“What is this?” asked the produce market cashier, holding up the bag of dark leafy greens.
“Kale,” I replied, wondering yet again if more than six people in America know what this vegetable is and that you can actually eat it. I’d wager that most Americans know kale only as that frilly, dark green stuff they use to decorate salad bars, or the pretty purple and green frilly ornamental plant that survives in the garden well into winter.
Kale is the Rodney Dangerfield of vegetables—it don’t get no respect. That’s a shame because not only is kale outrageously nutritious (an outstanding source of vitamins A, C and K, and a good source of iron and calcium, for a mere 15 calories per 1/2 cup cooked), but it’s more mildly flavored than many of its cabbage-family cousins and adapts easily to all sorts of food companions and flavors.
A fall and winter vegetable, kale goes well with hearty partners such as sausage, bacon, beans, sweet potatoes and potatoes, and with strong flavors such as garlic and hot pepper. I like it finely chopped in omelets, chopped into salads, and as a side dish on its own with some olive oil and garlic. Irish colcannon, the famous potato dish, is often made with kale rather than cabbage. Kale is also an excellent addition to soups. Try it in a marvelous minestrone.
To prepare kale, strip the leaves from the stems unless you’re using it in soup (the stems tend to be tough). You can freeze the stems to use in homemade stock, or just put them on the compost heat. Chop or slice the kale leaves. While kale can be used raw, its frilly edges can be a bit on the tough side, and it’s easiest to eat when cooked until wilted.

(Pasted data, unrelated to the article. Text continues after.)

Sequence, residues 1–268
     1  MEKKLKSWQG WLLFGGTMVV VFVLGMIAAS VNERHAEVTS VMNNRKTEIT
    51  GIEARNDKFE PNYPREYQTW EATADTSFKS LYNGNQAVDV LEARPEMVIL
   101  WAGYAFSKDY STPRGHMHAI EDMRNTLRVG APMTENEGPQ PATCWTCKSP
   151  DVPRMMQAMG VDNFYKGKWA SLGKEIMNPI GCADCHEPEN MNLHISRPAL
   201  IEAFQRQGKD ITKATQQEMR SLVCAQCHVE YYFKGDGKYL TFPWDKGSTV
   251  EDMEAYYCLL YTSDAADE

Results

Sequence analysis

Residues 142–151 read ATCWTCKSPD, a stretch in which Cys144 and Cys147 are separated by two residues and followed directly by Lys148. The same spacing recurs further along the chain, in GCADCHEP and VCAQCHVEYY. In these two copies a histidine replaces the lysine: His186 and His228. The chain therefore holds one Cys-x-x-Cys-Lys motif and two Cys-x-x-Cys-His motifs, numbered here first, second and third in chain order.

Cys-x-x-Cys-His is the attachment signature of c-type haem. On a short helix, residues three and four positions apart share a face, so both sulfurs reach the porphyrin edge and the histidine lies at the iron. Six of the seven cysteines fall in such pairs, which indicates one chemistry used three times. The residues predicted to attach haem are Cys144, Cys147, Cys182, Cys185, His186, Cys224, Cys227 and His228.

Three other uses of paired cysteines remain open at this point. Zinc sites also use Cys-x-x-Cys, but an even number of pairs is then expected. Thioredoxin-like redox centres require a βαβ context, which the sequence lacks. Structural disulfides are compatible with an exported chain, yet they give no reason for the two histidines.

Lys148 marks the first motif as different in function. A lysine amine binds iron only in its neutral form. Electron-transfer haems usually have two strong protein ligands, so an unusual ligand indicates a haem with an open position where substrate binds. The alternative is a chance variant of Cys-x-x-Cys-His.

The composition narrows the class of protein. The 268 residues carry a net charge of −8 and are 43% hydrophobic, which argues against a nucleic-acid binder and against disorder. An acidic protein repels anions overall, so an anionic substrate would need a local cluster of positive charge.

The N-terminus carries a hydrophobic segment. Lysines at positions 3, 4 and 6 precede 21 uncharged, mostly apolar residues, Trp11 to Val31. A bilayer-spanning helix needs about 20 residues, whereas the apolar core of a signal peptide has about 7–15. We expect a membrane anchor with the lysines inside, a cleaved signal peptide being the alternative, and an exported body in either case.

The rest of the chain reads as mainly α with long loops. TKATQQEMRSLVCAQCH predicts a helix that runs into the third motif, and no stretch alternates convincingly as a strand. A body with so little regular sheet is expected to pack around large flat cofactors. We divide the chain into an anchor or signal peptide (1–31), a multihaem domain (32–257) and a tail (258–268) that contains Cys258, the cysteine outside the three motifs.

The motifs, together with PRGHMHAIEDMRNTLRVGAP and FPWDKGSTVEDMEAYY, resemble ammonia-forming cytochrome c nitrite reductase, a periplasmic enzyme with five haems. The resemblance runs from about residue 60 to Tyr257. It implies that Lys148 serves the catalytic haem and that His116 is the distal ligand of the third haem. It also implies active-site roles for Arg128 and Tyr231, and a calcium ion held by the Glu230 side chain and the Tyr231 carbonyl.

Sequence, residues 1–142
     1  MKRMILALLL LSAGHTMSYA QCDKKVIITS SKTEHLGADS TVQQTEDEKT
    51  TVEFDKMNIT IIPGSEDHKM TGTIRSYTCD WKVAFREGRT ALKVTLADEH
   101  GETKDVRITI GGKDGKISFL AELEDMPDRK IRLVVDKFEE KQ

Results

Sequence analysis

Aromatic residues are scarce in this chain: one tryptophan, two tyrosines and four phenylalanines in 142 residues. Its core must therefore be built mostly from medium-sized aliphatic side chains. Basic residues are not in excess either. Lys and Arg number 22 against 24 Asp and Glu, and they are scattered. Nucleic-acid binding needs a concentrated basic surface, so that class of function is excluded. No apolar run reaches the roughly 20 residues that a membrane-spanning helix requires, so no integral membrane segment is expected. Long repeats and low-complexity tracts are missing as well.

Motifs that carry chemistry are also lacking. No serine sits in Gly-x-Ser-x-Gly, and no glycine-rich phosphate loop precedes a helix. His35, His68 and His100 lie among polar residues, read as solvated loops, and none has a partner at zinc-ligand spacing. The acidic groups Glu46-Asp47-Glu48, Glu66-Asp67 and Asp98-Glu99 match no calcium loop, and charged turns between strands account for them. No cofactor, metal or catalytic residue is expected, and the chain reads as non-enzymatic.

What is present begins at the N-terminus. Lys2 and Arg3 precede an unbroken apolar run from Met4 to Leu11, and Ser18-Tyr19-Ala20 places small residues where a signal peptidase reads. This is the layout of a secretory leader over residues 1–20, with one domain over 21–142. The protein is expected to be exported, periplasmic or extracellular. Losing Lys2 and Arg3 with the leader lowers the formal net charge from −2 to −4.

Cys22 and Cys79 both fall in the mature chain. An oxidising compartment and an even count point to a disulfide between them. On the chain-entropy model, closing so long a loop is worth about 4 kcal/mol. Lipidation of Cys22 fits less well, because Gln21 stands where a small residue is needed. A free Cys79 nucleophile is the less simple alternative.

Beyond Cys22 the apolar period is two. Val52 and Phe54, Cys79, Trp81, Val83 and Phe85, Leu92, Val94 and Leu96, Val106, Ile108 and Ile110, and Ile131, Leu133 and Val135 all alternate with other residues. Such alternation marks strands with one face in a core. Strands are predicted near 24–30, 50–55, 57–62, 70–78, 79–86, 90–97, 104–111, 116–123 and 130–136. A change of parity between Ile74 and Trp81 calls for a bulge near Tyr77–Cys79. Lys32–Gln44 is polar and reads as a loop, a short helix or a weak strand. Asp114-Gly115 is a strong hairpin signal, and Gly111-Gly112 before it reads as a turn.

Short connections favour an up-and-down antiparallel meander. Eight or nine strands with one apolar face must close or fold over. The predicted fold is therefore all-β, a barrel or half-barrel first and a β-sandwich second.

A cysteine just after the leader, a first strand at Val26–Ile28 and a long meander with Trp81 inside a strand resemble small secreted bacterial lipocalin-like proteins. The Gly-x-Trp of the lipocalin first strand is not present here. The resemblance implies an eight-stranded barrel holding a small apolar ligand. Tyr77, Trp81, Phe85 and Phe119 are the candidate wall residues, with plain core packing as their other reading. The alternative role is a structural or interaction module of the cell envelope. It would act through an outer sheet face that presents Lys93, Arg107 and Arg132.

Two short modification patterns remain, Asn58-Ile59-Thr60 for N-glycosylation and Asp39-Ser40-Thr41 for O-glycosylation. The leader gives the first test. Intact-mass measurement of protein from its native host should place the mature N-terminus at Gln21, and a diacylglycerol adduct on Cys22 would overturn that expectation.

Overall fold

Here’s my standard recipe for kale as a side dish.
- 2 bunches kale (about 1 pound total)
- 2 tablespoons extra-virgin olive oil
- 2 cloves garlic, slivered or minced
- 1/3 cup chicken broth or water
- Salt (preferably sea salt)
- Hot pepper flakes (optional)
Strip the leaves from the kale. Discard the stems. Roll up the leaves and thinly slice them crosswise.
Heat the olive oil over medium heat in a saucepan. Add the garlic and cook just a few seconds, until fragrant. Add the kale and cook, tossing the kale to coat it with garlic oil, for about a minute, or until the kale begins to wilt. Add the broth or water, cover the pan, and cook over medium heat for another 6 to 8 minutes, or until the greens are tender. Season with salt and hot pepper flakes.
Variation: Cook 2 strips of bacon until crisp. Drain the bacon, reserving the bacon drippings, and crumble. Substitute 1 tablespoon of bacon drippings for 1 tablespoon of the olive oil, and proceed with the recipe as directed. Just before serving, top the kale with the crumbled bacon bits.